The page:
Our environment & our mental health
To what extent is our mental health related to our environmental conditions?
Is there a causal relationship between environment and mental health?
To realised spiritual masters the environment is not a factor in their well-being or mental state. In fact, for these people it is said that if your heart is calm and pure everywhere is the Pureland. We could even go further and say that people who have truly realised inner peace can themselves affect the environment, people report feeling tranquil and peaceful in the presence of certain people.
By contrast for people trapped in a psychotic episode or deepest depression the environment may not be a major influence. Whilst it is possible that environmental conditions may have contributed to ending up in this state, at the time when people are in the depths of mental health problems, it seems that even pleasant environmental conditions can become twisted or overshadowed by negative thinking and feeling.
So what about the rest of us, who exist on the in between these two extremes?
Research supports the view that our environment, in particular exposure to the ‘natural’ environment does have a significant effect on how we feel. Exposure to the colour green and the colour blue in the form of plant life, forests and meadows, sea and skyscapes has a positive, calming and expansive impact on our viewpoint and general mental state. Forest bathing and therapeutic horticulture understand this well.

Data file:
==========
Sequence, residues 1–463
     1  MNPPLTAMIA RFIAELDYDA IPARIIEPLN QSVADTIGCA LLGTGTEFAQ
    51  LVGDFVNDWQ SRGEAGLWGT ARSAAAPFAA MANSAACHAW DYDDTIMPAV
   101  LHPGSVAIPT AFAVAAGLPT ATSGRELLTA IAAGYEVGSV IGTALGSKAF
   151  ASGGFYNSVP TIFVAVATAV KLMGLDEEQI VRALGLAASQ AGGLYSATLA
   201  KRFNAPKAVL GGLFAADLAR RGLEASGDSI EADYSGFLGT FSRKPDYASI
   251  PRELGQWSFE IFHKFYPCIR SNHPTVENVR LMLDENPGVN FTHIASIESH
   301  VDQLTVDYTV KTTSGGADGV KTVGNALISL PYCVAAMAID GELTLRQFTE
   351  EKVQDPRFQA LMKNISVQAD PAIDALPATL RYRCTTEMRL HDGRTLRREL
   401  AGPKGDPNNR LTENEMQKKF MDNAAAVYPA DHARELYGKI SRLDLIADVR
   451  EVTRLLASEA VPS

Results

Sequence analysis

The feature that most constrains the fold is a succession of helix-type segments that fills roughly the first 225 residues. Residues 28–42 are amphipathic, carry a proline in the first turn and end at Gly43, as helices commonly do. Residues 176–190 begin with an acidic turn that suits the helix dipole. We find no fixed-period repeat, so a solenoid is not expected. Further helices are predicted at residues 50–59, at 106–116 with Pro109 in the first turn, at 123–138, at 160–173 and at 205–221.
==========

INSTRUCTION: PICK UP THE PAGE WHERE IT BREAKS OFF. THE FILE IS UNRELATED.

‘Sick’ buildings, computers, over-exposure to technology and social media, reduced natural light all drain us of our vital energy and literally suck the life out of us. Plants, contact with living beings, open skies, seascapes have the power to energise us and put us back in touch again with ourselves – as part of a bigger ecosystem and this connection to our ‘net’ or ‘wider-web’ recharges us. If we know how to recharge ourselves then we can really benefit from this universal system and began to heal ourselves deeply. When we realise the benefit of the ‘natural’ world we will begin to value it and in valuing it naturally we will want to protect and preserve it.
Instead of being told how important the environment is, we need to find out for ourselves. Step out and explore your local area, find different routes to places you visit. Routes that take you through parks, along cycle paths, past overgrown hedgerows, brooks and allotments. Start to take interest in any patches of green. We can sow seeds on window sills, have a pot plant or hanging basket by the front door, help out on a community allotment or help someone else to take care of their garden. Get up early to appreciate the miracle of the dawn chorus or take a walk through a woodland in the dusk and just listen… When the weather improves plan a picnic –either with friends or take some reading material or a sketchbook.
When you spend time in gardens, parks, meadows and fields notice how you feel. What has changed? This is a question that we always ask people on our workshops and explorations. When we realise how different we feel we are empowered to be agents of change in our own mental health and well-being.
At the same time we begin to appreciate how important the environment is and we begin to care about it, when we care about things we naturally want to protect them.